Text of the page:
Books: Any Way the Wind Blows (Simon Snow #3) by Rainbow Rowell

I wrote a short review on Goodreads immediately after finishing this book. Then, a few hours later, I filmed a video review that rambles a bit. So here I’m going to attempt to organize my thoughts a little more coherently.

For context, let me begin by saying I adore Carry On and like Wayward Son. Though the second book was, I felt, a bit depressing in tone, it still had a fairly solid core plot. It meandered a little, but a road trip book can get away with that kind of thing.`

AWTWB doesn’t have such an excuse for its lack of tension or thin plot.

SPOILERS FOLLOW.

If you’ll recall, Wayward Son ended with a major cliffhanger. Trouble at Watford! Need to get back right now! It was framed with such intensity that one thought Watford might be under siege, or that the Coven had fractured and there had been a hostile takeover of some kind. Maybe the rest of the magickal world had banded against Mages because, honestly, Mages are asshats who think they’re superior to everyone else. In short, there were so many interesting possibilities.

And yet.

What we got at the opening of AWTWB was… flat. We don’t open with the group arriving at Watford, ready to tackle whatever problems have arisen. Instead, they’re all back in England and they’ve split up to take care of random personal issues. The “trouble at Watford,” in particular seems to have been that Baz’s Aunt Fiona broke into the Headmistress’ office and got locked in a Tower for it.

Anticlimactic much?

Meanwhile, Simon has gone home with Agatha, where he’s told he has money because the Mage left him everything. And Penny drags Shepherd home with her in hopes her mom can help him with his curse.

It’s seriously underwhelming.

Then Simon moves out of his apartment with Penny and tries to break up with Baz, but that lasts all of 20 pages. Most of the rest of the book is Simon and Baz dealing with Simon’s sexual dysfunction/intimacy issues. (Seriously, wtf is up with Simon wanting to bite Baz? Like, I half expected we’d discover he really was part dragon after all or something.) But again, there’s no real tension, no real fear they might break up. Just a lot of confusing description of them trying to get it on. It was a case of a lot less would have gone a lot farther, if that makes sense?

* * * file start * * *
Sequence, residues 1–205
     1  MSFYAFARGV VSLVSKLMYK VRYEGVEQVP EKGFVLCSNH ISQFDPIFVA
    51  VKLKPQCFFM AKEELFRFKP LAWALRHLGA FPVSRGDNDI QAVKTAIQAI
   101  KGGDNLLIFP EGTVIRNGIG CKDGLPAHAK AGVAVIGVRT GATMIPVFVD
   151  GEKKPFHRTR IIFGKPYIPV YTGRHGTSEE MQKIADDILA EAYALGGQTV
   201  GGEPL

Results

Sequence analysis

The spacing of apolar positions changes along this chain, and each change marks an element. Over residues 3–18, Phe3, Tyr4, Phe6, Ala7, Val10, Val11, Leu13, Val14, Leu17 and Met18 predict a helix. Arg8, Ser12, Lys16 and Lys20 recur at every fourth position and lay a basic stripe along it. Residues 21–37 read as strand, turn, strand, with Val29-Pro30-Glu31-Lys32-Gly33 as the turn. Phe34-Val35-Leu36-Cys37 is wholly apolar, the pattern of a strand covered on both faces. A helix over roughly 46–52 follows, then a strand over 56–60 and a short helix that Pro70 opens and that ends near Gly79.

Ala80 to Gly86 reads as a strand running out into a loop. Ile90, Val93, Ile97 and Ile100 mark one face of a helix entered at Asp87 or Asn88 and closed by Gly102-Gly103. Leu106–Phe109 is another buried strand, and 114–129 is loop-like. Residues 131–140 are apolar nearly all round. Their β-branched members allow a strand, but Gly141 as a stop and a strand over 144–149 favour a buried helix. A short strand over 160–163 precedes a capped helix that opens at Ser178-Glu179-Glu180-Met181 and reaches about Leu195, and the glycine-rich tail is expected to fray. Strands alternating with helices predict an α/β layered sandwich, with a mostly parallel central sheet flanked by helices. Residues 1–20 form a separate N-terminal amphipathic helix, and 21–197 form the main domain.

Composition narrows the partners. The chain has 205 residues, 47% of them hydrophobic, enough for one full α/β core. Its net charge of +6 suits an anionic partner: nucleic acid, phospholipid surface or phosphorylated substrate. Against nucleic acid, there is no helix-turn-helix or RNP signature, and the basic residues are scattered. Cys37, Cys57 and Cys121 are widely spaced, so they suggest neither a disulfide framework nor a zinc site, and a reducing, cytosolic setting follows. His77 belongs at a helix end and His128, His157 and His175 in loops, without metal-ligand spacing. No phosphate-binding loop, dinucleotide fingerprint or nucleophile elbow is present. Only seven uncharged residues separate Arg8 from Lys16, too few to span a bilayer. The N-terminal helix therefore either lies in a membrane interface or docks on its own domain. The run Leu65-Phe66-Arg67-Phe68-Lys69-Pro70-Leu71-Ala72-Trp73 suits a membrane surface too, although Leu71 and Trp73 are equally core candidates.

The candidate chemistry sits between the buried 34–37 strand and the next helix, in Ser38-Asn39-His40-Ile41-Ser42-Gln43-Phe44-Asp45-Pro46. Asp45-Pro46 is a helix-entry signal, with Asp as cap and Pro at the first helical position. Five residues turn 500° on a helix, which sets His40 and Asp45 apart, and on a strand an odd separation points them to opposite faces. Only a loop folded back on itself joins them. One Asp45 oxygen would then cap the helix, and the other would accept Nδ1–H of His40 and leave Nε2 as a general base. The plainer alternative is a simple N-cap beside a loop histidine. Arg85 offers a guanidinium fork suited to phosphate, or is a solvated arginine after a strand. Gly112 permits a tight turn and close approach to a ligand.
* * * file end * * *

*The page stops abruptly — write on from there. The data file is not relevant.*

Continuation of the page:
Penny and Shepherd end up having their own side story regarding his curse. Basically, these two don’t meet back up with Simon and Baz until the end of the book, so for those who love the group dynamic, you won’t find it here.

And Agatha ends up conscripted into helping at her dad’s medical office. While there she semi-befriends a veterinary student named Niamh. For once, Agatha has, I think, the most interesting story/relationship in the book, but we don’t get very much of it. Maybe it was most interesting because it met the “little goes a long way” criteria. Dunno.

There is ostensibly a central plot in which Simon and Baz are trying to figure out a cult that has formed around the new Chosen One (a Mage named Smith Smith-Richards). Baz’s stepmother has left home to follow this guy, and so has Jamie Salisbury. Baz and Simon are trying to locate Jamie for his mother Lady Ruth Salisbury. Lady Salisbury is also Lucy’s mother, which makes her Simon’s grandmother, but that is treated as a throwaway discovery that’s squandered at the end of the book by being rushed and mostly unexplored. In fact, the whole cult thing feels incidental rather than central considering we spend more time with Simon and Baz in bed and shopping at Ikea than we do dealing with Smith.

Oh, and Fiona was only breaking into Watford to look for her late sister’s ring. She wants to use it in her marriage to Nicodemus.

What we get in AWTWB: goats, including delivery of baby goats; a lot of dealing with Simon’s wings and tail (especially the wings and fitting shirts and coats over them); pseudo-sex between Simon and Baz; Penny’s knees; eye rolling (SO MUCH eye rolling); contract negotiations with demons; sandwiches; cake.

What’s missing from AWTWB: tension/urgency; a solid core plot; character development (except a bit with Agatha); clear understanding of Simon’s issues and why he’s behaving the way he is (like, he talks about it some, but it still doesn’t make sense?); any consequences from the previous book.

No one reprimands these kids for disappearing to America or breaking magickal law. There’s only a passing mention of NowNext and the Vegas vampires, with the gist being, “Not our problem.” There’s just no flow from the last book to this one. And this book has no internal flow either. I never had that desire to pick it up and read it. You know how it is with a great book; you don’t want to put it down, and when you have to, you can’t wait to grab it again. That didn’t happen here. I only got through it as quickly as I did because my daughter was pestering me to finish so she could read it. It got to the point that I just wanted to get through it.

Is this really the last book in the series? There is a lot left open, but based on the trajectory of quality, maybe it’s best to be done. Too bad the end failed to live up to the beginning. (IMHO, of course.)